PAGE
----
“We cannot achieve climate neutrality without hydrogen,” he explains, adding that the gas “can unlock the full potential of renewables, providing a means to flexibly transfer energy across sectors, time, and place”.
“You cannot make CO2-free steel with a battery, you need an H2 molecule to electrify steel production. The same goes for many other industry applications including mobility applications like shipping and aerospace. Hydrogen is key and we cannot decarbonise without it. That is why the future is bright for renewable hydrogen.”
He points out that Nel is already involved in projects focused on energy storage, heavy-duty trucks and steel plants, including the HyBrit project in Sweden, which is already producing steel using green hydrogen.
But while many independent analysts believe that hydrogen should not be used for heating buildings, Lokke is not so convinced, saying that it has potential in neighbourhoods close to industrial hubs — so-called “hydrogen valleys” — that will be both producing and using large amounts of H2.
“Regarding heating, we recently delivered a purchase order in Scotland for an electrolyser system that would heat 900 homes in a first phase,” he says. “Moving forward, as hydrogen valleys develop and as supply and demand increase, the case for the use of renewable H2 in heating could increase in these types of locations.”
And as a company that also manufactures hydrogen filling pumps, it is not surprising to hear Løkke talk up the potential of green hydrogen in transport.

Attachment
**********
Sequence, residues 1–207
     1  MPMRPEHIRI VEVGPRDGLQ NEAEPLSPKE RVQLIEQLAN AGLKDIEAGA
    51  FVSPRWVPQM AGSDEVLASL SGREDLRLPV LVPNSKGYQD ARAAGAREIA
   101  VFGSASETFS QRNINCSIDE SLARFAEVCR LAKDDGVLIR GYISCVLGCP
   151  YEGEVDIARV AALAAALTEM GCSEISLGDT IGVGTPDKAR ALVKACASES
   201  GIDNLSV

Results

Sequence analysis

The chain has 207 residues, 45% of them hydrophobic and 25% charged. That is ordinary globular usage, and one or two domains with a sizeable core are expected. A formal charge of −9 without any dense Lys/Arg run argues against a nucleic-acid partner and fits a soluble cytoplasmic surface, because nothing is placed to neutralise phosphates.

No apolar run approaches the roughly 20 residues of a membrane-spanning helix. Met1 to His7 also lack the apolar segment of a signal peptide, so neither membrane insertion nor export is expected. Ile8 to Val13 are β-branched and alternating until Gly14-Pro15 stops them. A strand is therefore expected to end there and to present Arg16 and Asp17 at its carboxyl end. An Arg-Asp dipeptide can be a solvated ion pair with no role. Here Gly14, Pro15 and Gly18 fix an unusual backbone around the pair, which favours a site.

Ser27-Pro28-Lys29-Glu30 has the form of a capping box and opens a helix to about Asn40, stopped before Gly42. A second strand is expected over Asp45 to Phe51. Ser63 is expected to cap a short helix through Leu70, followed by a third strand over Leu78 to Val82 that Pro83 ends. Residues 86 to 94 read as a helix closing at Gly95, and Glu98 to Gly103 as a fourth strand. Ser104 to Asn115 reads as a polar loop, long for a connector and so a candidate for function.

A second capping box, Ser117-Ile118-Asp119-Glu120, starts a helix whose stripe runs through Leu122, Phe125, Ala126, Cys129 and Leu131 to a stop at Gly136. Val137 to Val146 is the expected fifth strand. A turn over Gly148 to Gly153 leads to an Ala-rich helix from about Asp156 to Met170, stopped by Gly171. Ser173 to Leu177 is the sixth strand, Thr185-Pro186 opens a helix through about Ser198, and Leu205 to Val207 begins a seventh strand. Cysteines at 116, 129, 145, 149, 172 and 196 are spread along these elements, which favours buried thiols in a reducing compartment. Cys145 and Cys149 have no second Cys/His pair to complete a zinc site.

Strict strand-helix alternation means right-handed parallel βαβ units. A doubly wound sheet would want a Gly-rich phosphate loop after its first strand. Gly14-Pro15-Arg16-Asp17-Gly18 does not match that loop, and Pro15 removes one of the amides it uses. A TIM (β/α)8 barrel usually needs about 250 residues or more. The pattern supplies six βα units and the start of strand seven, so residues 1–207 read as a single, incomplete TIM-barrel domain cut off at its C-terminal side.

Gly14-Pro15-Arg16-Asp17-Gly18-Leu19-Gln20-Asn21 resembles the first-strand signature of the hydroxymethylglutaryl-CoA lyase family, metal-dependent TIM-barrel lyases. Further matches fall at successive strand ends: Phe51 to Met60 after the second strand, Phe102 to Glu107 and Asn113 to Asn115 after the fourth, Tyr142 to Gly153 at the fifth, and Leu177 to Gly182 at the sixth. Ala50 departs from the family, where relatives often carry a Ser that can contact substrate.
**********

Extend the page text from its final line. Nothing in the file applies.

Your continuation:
“We are designing the station modules with a clear focus on TCO [total cost of ownership] for the final customer. From a cost of hydrogen at the pump of $5/kg, hydrogen will reach fossil parity and be competitive in most transport applications.”
The cost of hydrogen at the pump in Germany — the biggest market for fuel-cell vehicles in Europe — is currently €9.50/kg, according to the H2.live website.
Løkke also sees a bright future for green hydrogen in energy storage, despite the poor round-trip of efficiency of converting power to H2 and back again.
“Hydrogen can also help to balance the grid and store energy,” he says. “In 2020, an estimated €1.35bn [$1.52bn] worth of offshore wind energy was curtailed in Germany due to insufficient transmission grid capacity. In 2021, in the UK, 2.5TWh were curtailed at a cost of £172m ($227m) — that’s taxpayers’ money.
“So we need a clearer framework there to help the business model develop. This would be a win-win for all stakeholders: consumers, governments and industry.”